Today Show: Study Shows 43% of Men Have Daddy Guilt & Changing Roles

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Today Show: 43 Percent Of Men Have Daddy Guilt

The all-American family used to consist of the mother staying at home with the children while the breadwinner of the family, the father, headed off to work. Everything seemed to be balanced and everyone seemed to be happy. But with more and more mothers heading into the workplace, more and more fathers have been left at home with children. The traditional gender roles in America have started to switch and they are affecting how men feel.

A new Pew Research study looked at the gender roles in homes across America and found that more fathers were helping with the children and the household chores than in previous years. They also found that many fathers, around 50 percent, say they are having trouble finding the right mix between work and home. And an even more astounding fact the study found was that 23 percent of mothers say they don’t spend enough time with their children while 43 percent of fathers said they don’t spend enough time with their children and they want to spend more time with them.

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Today Show: Study Shows 43% of Men Have Daddy Guilt & Changing Roles

The Today Show talked with three fathers about a new study that revealed 43 percent of men have daddy guilt and want to spend more time with their family.

The Pew Research study researchers said the reason we usually don’t hear fathers complaining of daddy guilt is because they are hardly asked that question.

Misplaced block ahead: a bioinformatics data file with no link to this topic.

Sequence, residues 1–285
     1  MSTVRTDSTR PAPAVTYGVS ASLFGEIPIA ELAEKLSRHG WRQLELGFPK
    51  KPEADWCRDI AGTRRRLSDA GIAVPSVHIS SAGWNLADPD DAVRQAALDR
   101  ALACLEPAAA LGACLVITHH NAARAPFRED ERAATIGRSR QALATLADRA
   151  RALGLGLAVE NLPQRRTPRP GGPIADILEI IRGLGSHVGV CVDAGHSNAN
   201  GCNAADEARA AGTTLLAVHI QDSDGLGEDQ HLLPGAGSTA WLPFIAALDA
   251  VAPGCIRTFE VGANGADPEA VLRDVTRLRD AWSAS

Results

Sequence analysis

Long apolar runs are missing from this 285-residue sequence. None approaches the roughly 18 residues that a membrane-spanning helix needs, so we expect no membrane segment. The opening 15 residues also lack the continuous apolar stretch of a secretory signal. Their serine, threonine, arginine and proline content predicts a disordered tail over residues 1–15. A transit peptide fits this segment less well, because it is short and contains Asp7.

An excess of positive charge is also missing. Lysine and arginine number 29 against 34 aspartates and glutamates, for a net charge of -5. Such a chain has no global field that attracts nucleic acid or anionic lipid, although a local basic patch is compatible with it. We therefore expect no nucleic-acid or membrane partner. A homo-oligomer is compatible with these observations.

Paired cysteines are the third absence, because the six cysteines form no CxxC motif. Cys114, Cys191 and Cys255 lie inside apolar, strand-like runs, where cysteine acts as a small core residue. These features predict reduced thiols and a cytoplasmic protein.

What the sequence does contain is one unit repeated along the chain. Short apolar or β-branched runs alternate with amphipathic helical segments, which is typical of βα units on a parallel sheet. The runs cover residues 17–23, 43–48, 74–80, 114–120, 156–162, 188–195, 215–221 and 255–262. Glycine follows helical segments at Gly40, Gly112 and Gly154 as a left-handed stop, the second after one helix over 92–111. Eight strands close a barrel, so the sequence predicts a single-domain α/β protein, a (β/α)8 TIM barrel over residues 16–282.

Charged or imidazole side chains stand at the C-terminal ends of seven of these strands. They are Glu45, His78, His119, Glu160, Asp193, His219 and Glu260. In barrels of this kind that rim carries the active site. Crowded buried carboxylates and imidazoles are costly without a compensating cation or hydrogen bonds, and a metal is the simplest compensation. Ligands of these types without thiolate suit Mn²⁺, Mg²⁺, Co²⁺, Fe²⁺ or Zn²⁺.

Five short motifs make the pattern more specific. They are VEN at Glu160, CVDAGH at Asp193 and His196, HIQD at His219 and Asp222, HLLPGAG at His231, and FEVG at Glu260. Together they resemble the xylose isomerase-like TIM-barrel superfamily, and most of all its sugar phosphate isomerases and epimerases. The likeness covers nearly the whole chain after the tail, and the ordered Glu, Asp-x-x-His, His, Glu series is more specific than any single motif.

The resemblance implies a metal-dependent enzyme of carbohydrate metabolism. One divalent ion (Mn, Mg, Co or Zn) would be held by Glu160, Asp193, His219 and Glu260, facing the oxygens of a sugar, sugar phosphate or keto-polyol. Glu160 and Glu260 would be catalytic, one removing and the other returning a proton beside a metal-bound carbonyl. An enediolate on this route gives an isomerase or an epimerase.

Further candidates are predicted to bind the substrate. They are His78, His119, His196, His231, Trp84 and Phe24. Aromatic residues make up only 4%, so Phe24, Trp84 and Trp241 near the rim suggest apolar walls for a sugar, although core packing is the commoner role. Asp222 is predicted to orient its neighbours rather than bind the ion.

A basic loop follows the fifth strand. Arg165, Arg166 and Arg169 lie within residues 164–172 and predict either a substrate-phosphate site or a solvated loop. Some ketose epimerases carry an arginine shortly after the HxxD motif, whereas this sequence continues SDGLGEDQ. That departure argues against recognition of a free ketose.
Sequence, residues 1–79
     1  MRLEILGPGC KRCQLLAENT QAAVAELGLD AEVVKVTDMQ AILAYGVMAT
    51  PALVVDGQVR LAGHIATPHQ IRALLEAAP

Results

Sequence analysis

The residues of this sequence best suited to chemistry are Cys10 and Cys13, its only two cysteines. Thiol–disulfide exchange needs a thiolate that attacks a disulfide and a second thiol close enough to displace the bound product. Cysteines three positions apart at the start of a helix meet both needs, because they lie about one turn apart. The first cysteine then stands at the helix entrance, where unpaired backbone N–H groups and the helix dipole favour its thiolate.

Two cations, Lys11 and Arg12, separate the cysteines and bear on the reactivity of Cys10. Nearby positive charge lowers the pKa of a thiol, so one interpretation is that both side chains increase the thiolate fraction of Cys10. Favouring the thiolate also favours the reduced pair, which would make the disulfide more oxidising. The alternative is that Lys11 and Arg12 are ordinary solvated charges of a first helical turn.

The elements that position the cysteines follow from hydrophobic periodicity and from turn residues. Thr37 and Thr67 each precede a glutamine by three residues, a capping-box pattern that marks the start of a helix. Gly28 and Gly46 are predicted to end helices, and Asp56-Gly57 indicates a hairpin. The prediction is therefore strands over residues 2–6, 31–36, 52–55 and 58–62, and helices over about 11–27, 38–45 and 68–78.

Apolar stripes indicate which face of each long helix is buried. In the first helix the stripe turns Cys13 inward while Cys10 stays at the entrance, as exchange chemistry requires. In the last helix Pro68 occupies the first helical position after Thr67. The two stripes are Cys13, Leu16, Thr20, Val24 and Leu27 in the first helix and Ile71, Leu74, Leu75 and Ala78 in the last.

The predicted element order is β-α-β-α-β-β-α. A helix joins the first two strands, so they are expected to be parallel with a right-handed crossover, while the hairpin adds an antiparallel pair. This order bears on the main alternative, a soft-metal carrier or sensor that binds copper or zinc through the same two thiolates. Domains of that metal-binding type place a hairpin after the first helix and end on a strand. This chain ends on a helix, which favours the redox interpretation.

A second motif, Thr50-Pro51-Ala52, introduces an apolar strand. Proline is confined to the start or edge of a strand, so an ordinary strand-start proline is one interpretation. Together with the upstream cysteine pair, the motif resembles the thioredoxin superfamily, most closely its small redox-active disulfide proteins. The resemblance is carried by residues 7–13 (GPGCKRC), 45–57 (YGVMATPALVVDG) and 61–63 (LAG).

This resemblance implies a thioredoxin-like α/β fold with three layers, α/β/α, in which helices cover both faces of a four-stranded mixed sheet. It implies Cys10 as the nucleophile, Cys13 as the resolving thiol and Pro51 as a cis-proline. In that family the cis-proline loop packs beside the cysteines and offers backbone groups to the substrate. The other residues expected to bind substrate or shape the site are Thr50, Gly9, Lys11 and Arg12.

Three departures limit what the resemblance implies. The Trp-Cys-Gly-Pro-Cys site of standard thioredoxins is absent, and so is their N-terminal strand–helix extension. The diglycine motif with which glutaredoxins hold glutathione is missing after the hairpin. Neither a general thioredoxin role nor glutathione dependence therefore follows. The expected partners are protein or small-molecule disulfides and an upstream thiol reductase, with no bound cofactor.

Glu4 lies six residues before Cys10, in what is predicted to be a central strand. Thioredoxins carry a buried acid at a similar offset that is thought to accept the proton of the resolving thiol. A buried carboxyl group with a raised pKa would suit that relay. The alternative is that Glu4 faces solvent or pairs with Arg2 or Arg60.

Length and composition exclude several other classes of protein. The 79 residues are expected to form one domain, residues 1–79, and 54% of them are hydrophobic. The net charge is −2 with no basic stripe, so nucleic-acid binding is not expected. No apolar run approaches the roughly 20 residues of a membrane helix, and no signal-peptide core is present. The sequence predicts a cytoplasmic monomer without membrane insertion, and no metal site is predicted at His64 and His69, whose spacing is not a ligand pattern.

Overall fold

Today Show: Real Fathers Weigh In On Daddy Guilt

To give fathers a chance to speak on the issue, the Today Show invited the author of Scream Free Parenting, Hal Runkel, the author of Go the F To Sleep, Adam Mansbach, and father of three, Chris Thomas, on the show to talk about their own views of daddy guilt.

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Hal Runkle said daddy guilt has been around for a long time but it was only seen as being had by women. Mansbach elaborated on what Runkle said, saying fathers are never seen as the primary caretaker. He said he is given congratulations from people on the street if he is able to put the same socks on his child before they leave the house. He said fathers are consistently fighting off the images the media has used to portray a father, usually making them seem incompetent, while they make the mothers seem as if they know how to do everything perfectly.

But does that add up to daddy guilt? Can just being seen as incompetent because of how fathers are portrayed in the media make someone feel daddy guilt?

Today Show: What Causes Daddy Guilt?

Thomas said when it comes down to feeling daddy guilt, there is no reason to tell your children. He said you should just work harder and strive to be a better father.

Runkel agreed and shared a story about his young daughter. He said he was on business and missed one of her recitals and he told her he was sorry he missed it and he wished he could have made it. But she told him he didn’t wish he was there, he could have been there if he wanted. After thinking about it, Runkel said he agreed with his daughter. It is always his choice if he wants to go to work in morning.

Matt Lauer disagreed saying sometimes you don’t have a choice and you have to go to work. He did point out that it takes very little time to be with your children and really make them feel like you are always there. Mansbach agreed with Lauer saying when he is home, he makes the most of his time with his daughter. It is all about connecting with her whenever they are together. The bottom line, Runkel said, is everyone on the set is an adult and they have to make decisions and live with them.

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